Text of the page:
With cab control there are two or more transformers (or one transformer with two throttle handles) known as cabs, which can be operated by two or more people. The layout is divided into the same type of insulated blocks, but each block is connected to all the cabs through separate single-pole double-throw, or SPDT, toggle switches in each cab. Throw the switch to the left and cab no. 1 controls the block, throw it to the right and cab no. 2 controls the block. The cabs are electrically identical and autonomous, each capable of running the entire layout. As a result, the engineer behind each cab is able to take his or her train over the whole layout simply by energizing the appropriate blocks with toggle switches as the train moves throughout the layout.

SPST and SPDT – what’s in a name?

Single-pole single-throw and SPST are the technical terms used to describe a simple on/off toggle switch.

The single pole double-throw and SDPT designations mean that one terminal contact (the single-pole part) is connected to either of two other terminals (hence, double-throw), depending on which way the toggle switch is thrown.


Bus wires

Bus wires provide full power to all points on larger layouts. Think of them as extensions of the transformer terminals, hence the heavy-gauge wire used to create a run.

Bus wires usually run around the perimeter or down the middle of a layout, thereby allowing for splicing relatively short runs from the bus wires to track and accessories.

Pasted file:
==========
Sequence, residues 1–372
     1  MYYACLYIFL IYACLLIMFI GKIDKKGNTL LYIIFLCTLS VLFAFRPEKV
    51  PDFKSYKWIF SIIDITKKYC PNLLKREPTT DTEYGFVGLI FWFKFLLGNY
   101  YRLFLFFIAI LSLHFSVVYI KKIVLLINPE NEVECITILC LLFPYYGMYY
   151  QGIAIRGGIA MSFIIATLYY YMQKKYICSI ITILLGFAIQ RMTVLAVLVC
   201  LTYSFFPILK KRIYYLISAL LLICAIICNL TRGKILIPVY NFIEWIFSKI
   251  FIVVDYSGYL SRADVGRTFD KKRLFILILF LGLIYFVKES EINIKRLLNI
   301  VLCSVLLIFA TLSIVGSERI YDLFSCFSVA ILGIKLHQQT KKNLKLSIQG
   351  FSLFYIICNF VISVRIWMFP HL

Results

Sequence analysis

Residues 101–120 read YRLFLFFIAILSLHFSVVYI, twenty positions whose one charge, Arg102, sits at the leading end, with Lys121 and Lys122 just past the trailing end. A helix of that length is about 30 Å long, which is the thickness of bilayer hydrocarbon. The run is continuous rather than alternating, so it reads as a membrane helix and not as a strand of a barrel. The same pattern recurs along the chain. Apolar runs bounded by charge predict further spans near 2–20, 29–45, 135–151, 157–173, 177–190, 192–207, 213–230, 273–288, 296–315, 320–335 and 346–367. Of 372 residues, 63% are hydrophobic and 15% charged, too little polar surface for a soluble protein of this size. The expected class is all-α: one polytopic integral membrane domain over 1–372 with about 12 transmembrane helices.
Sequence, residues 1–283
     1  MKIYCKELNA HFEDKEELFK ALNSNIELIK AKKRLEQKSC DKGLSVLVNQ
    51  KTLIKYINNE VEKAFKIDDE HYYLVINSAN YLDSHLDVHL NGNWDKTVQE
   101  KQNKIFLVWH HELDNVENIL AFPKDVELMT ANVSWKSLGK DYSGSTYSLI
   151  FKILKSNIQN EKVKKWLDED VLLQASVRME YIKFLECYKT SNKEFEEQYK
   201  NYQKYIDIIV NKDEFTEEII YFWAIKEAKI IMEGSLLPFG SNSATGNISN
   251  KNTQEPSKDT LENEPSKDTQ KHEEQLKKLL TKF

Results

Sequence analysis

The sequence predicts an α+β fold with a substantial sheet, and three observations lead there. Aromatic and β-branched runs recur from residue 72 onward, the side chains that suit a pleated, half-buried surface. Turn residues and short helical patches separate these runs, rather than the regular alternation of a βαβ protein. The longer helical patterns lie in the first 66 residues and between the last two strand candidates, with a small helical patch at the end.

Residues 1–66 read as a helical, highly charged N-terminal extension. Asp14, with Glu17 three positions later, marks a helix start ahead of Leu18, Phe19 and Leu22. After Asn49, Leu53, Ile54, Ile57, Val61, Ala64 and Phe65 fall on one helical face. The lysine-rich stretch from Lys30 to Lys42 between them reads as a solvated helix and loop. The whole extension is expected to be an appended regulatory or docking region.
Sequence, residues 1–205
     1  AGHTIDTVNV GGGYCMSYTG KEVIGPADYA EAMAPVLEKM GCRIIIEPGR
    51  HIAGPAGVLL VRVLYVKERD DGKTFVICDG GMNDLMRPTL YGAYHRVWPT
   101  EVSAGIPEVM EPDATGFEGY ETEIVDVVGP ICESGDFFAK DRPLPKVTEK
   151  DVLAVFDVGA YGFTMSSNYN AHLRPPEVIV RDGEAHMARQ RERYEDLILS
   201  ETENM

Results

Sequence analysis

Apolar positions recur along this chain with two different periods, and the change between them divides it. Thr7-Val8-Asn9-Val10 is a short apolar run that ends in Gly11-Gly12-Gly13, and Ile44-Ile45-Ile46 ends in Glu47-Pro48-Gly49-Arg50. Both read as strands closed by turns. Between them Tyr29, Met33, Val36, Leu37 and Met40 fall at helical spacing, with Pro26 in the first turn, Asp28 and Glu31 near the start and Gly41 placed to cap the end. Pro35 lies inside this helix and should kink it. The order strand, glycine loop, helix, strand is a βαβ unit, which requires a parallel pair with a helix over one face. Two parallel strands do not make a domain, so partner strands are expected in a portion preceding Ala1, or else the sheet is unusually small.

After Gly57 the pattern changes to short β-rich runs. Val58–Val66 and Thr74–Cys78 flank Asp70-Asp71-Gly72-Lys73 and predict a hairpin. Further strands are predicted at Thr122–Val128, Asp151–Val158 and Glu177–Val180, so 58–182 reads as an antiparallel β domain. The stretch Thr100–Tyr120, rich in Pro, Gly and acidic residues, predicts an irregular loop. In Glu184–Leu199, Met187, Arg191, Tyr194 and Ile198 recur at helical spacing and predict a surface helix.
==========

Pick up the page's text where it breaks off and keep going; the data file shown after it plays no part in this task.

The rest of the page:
Using several fixed-voltage buses can be helpful. We find that 14 to 16 volts works for most accessories, and 18 to 20 volts works well for Lionel track switch motors.
Having a common ground bus can also be handy. That way, transformers around the layout can be connected to it instead of each other.


An alternative control system

My favorite control system is the embodiment of simplicity and economy. It’s a variation on conventional block control that uses a battery of small transformers, one for each block, instead of one large transformer and a series of toggle switches.

With it, each block has its own individual speed control, whistle control, and reversing button.

Each transformer powers one block of track, nothing more. Other small transformers can be used for accessory circuits and other electrical requirements. Besides the versatility this system offers, the dollar savings can be substantial. Small transformers, those rated at 100 watts or less, aren’t highly prized by operators or dealers, so often they can be obtained at very reasonable prices.

Converting to command control

You can convert to command control at any time. If you eventually plan to use one of the electronic control systems, such as Lionel’s TrainMaster Command Control or MTH’s Digital Command System, you’ll discover that dividing your layout into blocks makes good sense anyway.

With each block having its own feeder wire, the voltage drop in larger layouts will be minimized. It also makes troubleshooting easier.

When you convert to the new system, all you have to do is turn all the toggles to the “on” position or to the same cab and then hook up the command-control components as directed. The old system remains as a backup to operate locomotives without command-control circuit boards.

7 thoughts on “Handbook of layout wiring

  1. Enjoyed the article and was able to confirm a few questions I have had. However I would like to see this applied to the two rail S gauge guys like myself.

  2. Yard switch wiring direction would be huge help. I have 3 legs off yard main and can’t get it right.

  3. Well done indeed! I am running 2 original ZW transformers in my train room. No command control. I just love the “old school”